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    • Frequently Asked Questions About Celiac Disease   09/30/2015

      This FAQ on celiac disease will guide you to all of the basic information you will need to know about the disease, its diagnosis, testing methods, a gluten-free diet, etc.   Subscribe to FREE email alerts What are the major symptoms of celiac disease? Celiac Disease Symptoms What testing is available for celiac disease? - list blood tests, endo with biopsy, genetic test and enterolab (not diagnostic) Celiac Disease Screening Interpretation of Celiac Disease Blood Test Results Can I be tested even though I am eating gluten free? How long must gluten be taken for the serological tests to be meaningful? The Gluten-Free Diet 101 - A Beginner's Guide to Going Gluten-Free Is celiac inherited? Should my children be tested? Ten Facts About Celiac Disease Genetic Testing Is there a link between celiac and other autoimmune diseases? Celiac Disease Research: Associated Diseases and Disorders Is there a list of gluten foods to avoid? Unsafe Gluten-Free Food List (Unsafe Ingredients) Is there a list of gluten free foods? Safe Gluten-Free Food List (Safe Ingredients) Gluten-Free Alcoholic Beverages Distilled Spirits (Grain Alcohols) and Vinegar: Are they Gluten-Free? Where does gluten hide? Additional Things to Beware of to Maintain a 100% Gluten-Free Diet Free recipes: Gluten-Free Recipes Where can I buy gluten-free stuff? Support this site by shopping at The Store. For Additional Information: Subscribe to: Journal of Gluten Sensitivity


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About wellerval

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  1. Hi Barbara, I am wondering if you have had Vitamin D testing done, as that can lead to Fibromyalgia-like pains, kind of like calcium is being pulled out of your bones.... The test you want is called 25(OH)D. Most lab's stated reference range is 32 - 100 ng/mL, but most of the experts suggest 55-70 ng/mL for optimal health. If you are below 40 ng/mL, you may want to consider supplementing about 10,000 IU/day with 1,500 mg of calcium. This would bring your D level up within a few weeks, I would think. We use a liquid D supplement that is 2,000 IU per drop, making it very easy to take. It is made by Rx Vitamins, but I am sure there are other brands out there. Best of luck to you, Leslie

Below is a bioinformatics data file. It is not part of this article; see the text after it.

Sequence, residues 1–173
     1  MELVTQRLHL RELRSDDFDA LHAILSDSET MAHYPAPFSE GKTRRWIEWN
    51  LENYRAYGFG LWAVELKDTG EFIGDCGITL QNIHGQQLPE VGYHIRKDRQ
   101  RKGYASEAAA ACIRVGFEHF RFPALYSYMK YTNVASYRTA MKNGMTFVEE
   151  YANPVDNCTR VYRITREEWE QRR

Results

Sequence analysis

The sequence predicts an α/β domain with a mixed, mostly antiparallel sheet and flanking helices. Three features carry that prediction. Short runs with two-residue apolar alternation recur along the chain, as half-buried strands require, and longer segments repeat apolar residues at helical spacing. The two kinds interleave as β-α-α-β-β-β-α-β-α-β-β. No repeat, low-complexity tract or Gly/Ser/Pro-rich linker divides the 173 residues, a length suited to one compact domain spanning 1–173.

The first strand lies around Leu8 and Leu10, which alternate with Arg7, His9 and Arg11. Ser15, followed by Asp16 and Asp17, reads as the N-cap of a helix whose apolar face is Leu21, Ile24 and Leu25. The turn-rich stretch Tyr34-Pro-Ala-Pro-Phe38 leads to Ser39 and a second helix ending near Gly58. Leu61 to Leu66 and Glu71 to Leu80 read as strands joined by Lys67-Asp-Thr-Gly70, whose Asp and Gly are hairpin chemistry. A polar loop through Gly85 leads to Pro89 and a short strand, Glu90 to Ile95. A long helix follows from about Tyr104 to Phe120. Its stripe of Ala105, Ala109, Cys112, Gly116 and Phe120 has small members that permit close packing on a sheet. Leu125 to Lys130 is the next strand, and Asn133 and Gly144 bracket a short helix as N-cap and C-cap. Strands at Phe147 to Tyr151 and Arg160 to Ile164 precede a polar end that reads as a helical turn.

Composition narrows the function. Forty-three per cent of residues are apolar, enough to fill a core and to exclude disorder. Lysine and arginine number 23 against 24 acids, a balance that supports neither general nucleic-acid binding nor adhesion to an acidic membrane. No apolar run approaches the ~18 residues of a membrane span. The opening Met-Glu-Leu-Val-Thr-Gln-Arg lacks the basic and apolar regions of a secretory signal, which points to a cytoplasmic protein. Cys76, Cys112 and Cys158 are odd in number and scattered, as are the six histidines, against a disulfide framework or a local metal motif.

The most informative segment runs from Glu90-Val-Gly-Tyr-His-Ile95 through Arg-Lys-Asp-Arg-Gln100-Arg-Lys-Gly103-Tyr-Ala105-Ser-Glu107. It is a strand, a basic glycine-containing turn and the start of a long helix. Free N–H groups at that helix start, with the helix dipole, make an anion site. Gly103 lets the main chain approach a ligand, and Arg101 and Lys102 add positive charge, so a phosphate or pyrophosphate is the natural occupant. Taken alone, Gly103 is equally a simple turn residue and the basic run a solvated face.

2. PLEASE read the following article on the relationship between h.Pylori (which can be cured) and MALT Lymphoma. A non-prescription supplement that has been shown to eradicate h. Pylori is called Pepzin GI. I have no affiliation with the supplement manufacturer. Google and zinc carnosine to see articles related to the Japanese study that showed success of Pepzin GI. I was researching gastroparesis for my sister-in-law and came across your website. I have seen lots of links to iron, heme, carbon monoxide, oxytocin and h. pylori with regard to gastroparesis and wonder if the low iron experienced by Celiac could be a result of h. pylori infection. H.Pylori takes iron for its own needs, thereby depriving the body of sufficient iron. I believe all celiac sufferers should have h. pylori testing. Rinsho Byori. 2009 Sep;57(9):861-9. [Crucial roles of Helicobacter pylori infection in the pathogenesis of gastric cancer and gastric mucosa-associated lymphoid tissue (MALT) lymphoma] [Article in Japanese] Ota H, Asano N, Yamauchi K, Akamatsu T. Department of Biomedical Laboratory Sciences, School of Health Sciences, Shinshu University School of Medicine, Matsumoto 390-8621, Japan. Helicobacter pylori (H. pylori) is a gram-negative helical rod that colonizes human gastric mucosa. Its discovery has opened up new opportunities regarding the understating and management of gastrointestinal disorders. In humans, infection with H. pylori has been established as a major cause of chronic gastritis and peptic ulcer, and is important in the pathogenesis of gastric cancer and gastric mucosa-associated lymphoid tissue (MALT) lymphoma. Bacterial and host factors determine the outcome of H. pylori infection. The eradication of H. pylori can, therefore, contribute to the treatment and prevention of these diseases. H. pylori infection plays a critical role in gastric carcinogenesis through two major pathways: the indirect action of H. pylori on gastric epithelial cells through inflammation, and the direct action of the bacteria on epithelial cells through the induction of protein modulation and gene mutation. MALT lymphoma is a common low grade B-cell lymphoma arising from a background of chronic inflammatory disease at a number of mucosal sites. Those originating in the stomach are causatively linked to H. pylori infection, and eradication of the bacterium with antibiotics leads to the long-term complete regression of lymphoma. t (11;18)/API2-MALT1 and t(1;14)/IGH-BCL10 are specifically associated with the gastric MALT lymphoma entity, and the oncogenic products of these translocations have been shown to target a common molecular pathway, i.e., the nuclear factor-kappaB pathway. This paper reviews recent advances in our understanding of the association of H. pylori infection with gastric cancer and gastric MALT lymphoma and the molecular genetics underlying tumor development.